Over the years she has been Minister of Local Government she has quietly but steadily built a reputation for establishing good relationships and gaining the sector’s confidence, skills that are essential in a good Minister of Foreign Affairs. Moreover, her ethnicity will be an significant factor in enabling her to project a distinctly New Zealand persona in international relations, something that will be extremely important as the nature of our relationships inevitably changes in the post Covid-19 world.
Aside from the Ministerial newcomers, the big winner in the new Cabinet appears to be Poto Williams who has gone from being a Minister outside Cabinet to being ranked number 10 in the Cabinet itself, holding the portfolios of Minister of Police and Associate Minister for Children, amongst others. Given her own extensive career background in community development and family violence prevention, she can be expected to focus the work of the Police more sharply on its family violence prevention role, working closely with Greens Minister Marama Davidson in her new role as Minister for the Prevention of Family and Sexual Violence. Her elevation is also an indication that the government intends to focus strongly on this area during the coming term.
Another, although much lesser, winner has to be David Clark, returned to albeit just inside the Cabinet door after being virtually forced to resign over his appalling handling of Covid-19 when Minister of Health.
While on the face of it, his new responsibilities are far less onerous, his new role as Minister for the Digital Economy and Communications is an extremely important one, given New Zealand’s position as one of the world’s most digitally advanced governments. He may well prove to be far more suited to this role than he ever appeared to be to the Health portfolio.
Another winner is Meka Whaitiri who will be relieved to be returning to her old roles after she was stood down following staff bullying complaints a couple of years ago.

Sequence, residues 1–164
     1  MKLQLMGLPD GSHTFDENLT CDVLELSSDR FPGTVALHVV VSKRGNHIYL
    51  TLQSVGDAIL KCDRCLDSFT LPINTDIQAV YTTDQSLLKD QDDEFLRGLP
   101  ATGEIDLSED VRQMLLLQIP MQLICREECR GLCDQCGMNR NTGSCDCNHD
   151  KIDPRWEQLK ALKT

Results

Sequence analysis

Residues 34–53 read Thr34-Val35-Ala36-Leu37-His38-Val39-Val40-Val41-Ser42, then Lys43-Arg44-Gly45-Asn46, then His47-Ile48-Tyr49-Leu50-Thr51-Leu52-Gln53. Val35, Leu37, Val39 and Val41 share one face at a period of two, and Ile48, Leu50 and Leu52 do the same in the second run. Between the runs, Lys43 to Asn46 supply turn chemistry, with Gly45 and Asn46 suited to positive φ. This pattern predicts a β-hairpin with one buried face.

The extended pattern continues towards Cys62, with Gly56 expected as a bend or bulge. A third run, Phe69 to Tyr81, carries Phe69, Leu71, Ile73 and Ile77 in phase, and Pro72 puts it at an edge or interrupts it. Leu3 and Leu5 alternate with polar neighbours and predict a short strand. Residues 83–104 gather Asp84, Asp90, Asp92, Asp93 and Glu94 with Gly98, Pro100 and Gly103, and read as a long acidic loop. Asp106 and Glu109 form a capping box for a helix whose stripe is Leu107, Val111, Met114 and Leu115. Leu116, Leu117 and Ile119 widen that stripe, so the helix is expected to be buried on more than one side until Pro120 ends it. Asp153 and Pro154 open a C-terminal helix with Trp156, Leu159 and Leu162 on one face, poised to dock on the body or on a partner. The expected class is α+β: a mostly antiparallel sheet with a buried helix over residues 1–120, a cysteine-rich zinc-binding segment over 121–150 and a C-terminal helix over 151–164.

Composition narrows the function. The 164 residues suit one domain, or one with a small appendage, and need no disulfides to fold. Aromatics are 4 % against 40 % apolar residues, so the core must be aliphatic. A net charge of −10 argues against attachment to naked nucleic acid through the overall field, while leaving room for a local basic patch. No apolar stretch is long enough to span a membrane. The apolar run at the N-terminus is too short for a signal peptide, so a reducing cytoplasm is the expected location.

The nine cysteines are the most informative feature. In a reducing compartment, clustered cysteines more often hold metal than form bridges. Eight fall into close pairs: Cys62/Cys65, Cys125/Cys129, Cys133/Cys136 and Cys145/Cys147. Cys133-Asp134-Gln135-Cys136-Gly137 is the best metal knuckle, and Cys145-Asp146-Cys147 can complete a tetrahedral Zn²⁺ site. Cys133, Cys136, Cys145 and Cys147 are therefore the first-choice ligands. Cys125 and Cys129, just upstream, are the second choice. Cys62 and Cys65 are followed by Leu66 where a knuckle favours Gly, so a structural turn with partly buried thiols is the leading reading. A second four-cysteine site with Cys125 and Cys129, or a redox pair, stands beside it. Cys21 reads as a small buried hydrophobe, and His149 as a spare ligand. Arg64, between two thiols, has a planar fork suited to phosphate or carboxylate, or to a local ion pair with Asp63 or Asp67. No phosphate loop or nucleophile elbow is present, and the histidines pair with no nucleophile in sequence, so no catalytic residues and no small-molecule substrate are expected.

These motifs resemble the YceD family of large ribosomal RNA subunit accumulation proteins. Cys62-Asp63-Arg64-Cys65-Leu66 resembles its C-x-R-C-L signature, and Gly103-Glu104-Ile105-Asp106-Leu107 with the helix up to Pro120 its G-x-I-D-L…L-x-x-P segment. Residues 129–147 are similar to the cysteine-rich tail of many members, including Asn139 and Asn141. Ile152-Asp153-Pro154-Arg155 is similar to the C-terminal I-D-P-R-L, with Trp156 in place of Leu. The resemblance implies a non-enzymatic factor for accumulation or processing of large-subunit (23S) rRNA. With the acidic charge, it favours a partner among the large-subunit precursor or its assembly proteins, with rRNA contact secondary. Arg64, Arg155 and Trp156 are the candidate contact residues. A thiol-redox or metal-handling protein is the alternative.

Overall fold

But as with all Cabinet appointments, there are the inevitable losers. There will be those who are miffed because they did not get the portfolio they have long coveted or remain further down the Cabinet rankings than they feel they deserved.
In this reshuffle the big losers are Phil Twyford and Jenny Salesa.
Phil Twyford has gone from being ranked number five in the previous Cabinet to being dropped altogether from Cabinet this time around. He is now the second lowest ranked Minister outside the Cabinet. He has lost his substantial Economic Development and Transport portfolios in favour of the comparatively minor role of Minister for Disarmament and Arms Control. While his abysmal performance over Kiwibuild and Auckland Light Rail did not justify his retention as a Minister it would have been kinder for the Prime Minister to have dropped him altogether, rather than retain him in his new almost non-role, where he will be an ongoing point of Opposition ridicule.
The other big loser is Jenny Salesa who has missed out altogether, having been number 15 in the previous Cabinet. Her reported forthcoming nomination as one of Parliament’s two Assistant Speakers is hardly compensation for losing a Ministerial position.
She seems to have borne the brunt of the criticism of the failure of the Government’s housing policy, although her role as Building and Construction Minister was always secondary to that of Ministers Twyford, and more latterly Woods. There is the distinct feeling that there is more to this demotion than has so far been admitted.
In all likelihood, and barring unforeseen accidents along the way, this Cabinet will be reshuffled in about eighteen months to two years, when its strengths and weaknesses have become obvious. As well, some of the pre-2020 Labour MPs who have not yet impressed sufficiently to merit promotion so far, may have pushed their claims more strongly by then and some impressive new talent may have emerged amongst the 2020 intake. Some Ministers may have signalled their intention to stand down at the end of the term, leaving the opportunity for fresh faces to be presented to the public before the next election.
The Prime Minister has successfully navigated the primary task of putting together the Cabinet she wanted. Now she simply has to make it work effectively. That will prove to be the far bigger challenge.